Today the Family and Medical Leave Act (FMLA) turns 21, and CEPR's Eileen Appelbaum and Helene Jorgenson have a new paper that finds that expanding FMLA coverage in certain ways would increase access to leave for 1.4 million to 8.3 million more employees in the private sector.

The FMLA provides job-protected, unpaid family and medical leave, and millions of workers have benefited from it. While the U.S. lags behind nearly all other high-income countries in enabling people to take the time they need to care for themselves and their families when faced with serious illness or welcoming a new child, the FMLA has been a first step towards catching up to the rest of the developed world.

Unfortunately, FMLA coverage and eligibility restrictions resulted in 49.3 million employees (44.1 percent) in the private sector being ineligible for FMLA leave in 2012. Those workers could still be fired if they got sick, had a baby, or needed to care for a seriously ill family member.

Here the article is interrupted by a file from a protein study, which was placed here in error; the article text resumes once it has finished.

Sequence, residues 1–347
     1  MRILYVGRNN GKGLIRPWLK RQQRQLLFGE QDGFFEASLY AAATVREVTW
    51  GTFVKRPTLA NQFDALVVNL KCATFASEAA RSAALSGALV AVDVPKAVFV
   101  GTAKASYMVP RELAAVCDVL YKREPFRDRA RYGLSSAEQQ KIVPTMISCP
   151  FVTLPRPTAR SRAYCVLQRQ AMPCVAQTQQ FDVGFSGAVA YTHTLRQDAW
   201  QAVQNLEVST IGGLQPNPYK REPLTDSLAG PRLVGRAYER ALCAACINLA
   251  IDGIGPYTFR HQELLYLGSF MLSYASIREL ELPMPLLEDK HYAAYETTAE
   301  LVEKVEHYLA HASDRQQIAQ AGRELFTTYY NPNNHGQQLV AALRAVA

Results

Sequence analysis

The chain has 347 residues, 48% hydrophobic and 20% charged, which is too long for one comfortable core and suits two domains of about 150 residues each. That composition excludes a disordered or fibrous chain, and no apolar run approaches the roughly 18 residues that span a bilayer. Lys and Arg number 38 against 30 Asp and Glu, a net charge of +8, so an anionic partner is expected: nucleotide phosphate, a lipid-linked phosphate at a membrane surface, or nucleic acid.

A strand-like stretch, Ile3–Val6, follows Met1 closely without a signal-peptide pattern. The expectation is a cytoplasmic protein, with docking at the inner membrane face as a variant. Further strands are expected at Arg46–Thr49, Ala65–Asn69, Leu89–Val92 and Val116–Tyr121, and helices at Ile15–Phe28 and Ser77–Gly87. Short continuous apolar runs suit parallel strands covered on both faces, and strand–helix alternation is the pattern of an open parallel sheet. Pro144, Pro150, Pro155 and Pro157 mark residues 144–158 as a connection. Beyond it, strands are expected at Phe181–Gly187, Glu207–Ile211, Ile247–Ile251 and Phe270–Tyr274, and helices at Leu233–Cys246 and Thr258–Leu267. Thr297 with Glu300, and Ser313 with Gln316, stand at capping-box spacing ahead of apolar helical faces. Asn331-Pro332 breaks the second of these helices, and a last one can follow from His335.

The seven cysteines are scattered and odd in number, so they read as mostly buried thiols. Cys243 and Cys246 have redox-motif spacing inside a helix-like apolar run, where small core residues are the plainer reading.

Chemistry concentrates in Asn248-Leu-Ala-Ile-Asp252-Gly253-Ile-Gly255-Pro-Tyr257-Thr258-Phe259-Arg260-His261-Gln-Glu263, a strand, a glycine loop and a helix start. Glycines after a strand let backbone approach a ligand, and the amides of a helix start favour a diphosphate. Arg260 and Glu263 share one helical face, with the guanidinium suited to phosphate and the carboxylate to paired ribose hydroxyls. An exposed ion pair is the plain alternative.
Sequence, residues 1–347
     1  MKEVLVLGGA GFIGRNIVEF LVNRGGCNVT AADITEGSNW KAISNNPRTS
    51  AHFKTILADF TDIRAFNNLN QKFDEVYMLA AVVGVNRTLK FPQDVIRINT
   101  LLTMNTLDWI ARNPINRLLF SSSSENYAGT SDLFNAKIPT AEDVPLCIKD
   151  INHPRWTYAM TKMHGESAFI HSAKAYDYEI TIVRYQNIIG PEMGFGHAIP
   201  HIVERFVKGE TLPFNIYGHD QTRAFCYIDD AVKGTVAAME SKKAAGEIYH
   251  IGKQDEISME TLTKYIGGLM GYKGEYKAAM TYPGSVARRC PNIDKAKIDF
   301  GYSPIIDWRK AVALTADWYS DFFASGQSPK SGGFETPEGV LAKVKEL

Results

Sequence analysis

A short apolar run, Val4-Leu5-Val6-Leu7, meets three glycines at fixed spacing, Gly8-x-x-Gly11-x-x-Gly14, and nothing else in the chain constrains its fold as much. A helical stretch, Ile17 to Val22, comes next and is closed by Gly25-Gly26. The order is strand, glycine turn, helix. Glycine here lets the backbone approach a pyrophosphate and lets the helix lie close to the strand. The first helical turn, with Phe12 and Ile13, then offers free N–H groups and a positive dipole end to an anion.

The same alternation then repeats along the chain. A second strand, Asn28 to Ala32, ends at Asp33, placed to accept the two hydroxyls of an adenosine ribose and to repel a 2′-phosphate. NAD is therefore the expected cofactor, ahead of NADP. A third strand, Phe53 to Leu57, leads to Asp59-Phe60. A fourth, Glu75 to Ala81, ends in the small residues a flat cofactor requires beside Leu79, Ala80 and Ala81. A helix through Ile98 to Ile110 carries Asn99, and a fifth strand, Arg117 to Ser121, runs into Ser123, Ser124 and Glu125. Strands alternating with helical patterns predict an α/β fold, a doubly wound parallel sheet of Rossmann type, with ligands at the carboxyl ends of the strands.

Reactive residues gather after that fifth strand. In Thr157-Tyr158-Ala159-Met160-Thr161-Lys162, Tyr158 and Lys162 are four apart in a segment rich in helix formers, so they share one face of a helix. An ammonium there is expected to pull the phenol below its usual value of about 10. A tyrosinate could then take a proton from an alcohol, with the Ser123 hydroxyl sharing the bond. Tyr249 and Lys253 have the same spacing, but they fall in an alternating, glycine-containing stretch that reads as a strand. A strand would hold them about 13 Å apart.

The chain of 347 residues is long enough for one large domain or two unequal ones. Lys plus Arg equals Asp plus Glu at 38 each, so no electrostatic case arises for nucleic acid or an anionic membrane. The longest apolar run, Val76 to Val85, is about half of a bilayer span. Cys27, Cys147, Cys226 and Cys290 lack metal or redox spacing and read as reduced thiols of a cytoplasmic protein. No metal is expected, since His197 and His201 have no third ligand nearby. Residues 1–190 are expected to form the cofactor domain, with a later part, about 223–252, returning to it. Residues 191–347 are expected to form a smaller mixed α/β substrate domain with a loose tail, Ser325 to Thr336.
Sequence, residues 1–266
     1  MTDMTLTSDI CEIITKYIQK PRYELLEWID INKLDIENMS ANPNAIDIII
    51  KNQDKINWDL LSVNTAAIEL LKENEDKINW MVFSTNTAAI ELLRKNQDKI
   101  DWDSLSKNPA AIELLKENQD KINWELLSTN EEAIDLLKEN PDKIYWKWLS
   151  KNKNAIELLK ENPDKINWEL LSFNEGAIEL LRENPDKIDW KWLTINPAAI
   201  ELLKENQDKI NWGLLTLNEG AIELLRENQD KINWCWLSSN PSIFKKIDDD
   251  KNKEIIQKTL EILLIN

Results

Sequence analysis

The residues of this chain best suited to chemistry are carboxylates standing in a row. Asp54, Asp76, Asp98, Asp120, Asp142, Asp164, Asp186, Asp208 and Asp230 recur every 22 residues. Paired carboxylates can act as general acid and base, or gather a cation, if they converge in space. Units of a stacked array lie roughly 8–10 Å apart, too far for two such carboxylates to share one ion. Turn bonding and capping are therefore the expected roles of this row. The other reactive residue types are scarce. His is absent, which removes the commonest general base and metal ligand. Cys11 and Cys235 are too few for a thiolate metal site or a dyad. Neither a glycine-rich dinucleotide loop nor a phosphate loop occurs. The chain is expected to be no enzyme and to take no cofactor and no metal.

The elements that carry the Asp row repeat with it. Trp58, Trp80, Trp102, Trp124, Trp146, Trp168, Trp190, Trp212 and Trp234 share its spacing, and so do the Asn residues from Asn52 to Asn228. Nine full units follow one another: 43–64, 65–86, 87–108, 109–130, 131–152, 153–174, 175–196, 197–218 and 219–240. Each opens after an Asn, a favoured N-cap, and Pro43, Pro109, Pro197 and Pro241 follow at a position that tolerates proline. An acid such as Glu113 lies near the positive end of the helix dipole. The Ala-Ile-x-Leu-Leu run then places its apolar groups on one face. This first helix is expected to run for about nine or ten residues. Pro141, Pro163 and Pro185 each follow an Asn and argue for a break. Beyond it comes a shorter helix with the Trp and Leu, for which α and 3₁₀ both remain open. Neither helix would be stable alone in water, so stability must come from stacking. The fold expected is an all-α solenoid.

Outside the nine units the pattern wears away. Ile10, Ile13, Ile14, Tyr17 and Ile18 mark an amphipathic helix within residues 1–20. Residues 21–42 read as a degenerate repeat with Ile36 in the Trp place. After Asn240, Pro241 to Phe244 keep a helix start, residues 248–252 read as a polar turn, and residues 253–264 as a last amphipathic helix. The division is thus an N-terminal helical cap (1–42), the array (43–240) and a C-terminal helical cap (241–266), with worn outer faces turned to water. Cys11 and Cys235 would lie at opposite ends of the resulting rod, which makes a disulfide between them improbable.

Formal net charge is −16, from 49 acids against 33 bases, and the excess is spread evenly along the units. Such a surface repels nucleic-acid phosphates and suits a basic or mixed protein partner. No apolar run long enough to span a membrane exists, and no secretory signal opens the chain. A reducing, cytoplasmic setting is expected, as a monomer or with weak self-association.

Eileen and Helene's new analysis looks at which workers are most likely to qualify for FMLA coverage, as well as the effects of different ways to extend eligibility, such as to smaller employers and employees working fewer hours. They find that women of childbearing age would especially benefit from an expansion of eligibility.

Who Benefits from FMLA?

Today's report joins several other analyses of the FMLA done by CEPR economists over the past year:

In a report jointly released by CEPR and the Center for American Progress, John Schmitt looks at data on the use of parental leave in the first two decades since the passage of the FMLA.

Eileen Appelbaum called for paid family and medical leave in U.S. News & World Report, as many workers who are eligible for FMLA's unpaid leave simply can't afford to take it. She also looks to a model for paid FMLA, California's paid family leave program.

In addition, Eileen took a close look at Department of Labor surveys of experiences with the FMLA and wrote a series of blog posts to review the results of the surveys, draw lessons about what to do next, and discuss ways to improve the effectiveness and increase the coverage of family and medical leave for American families.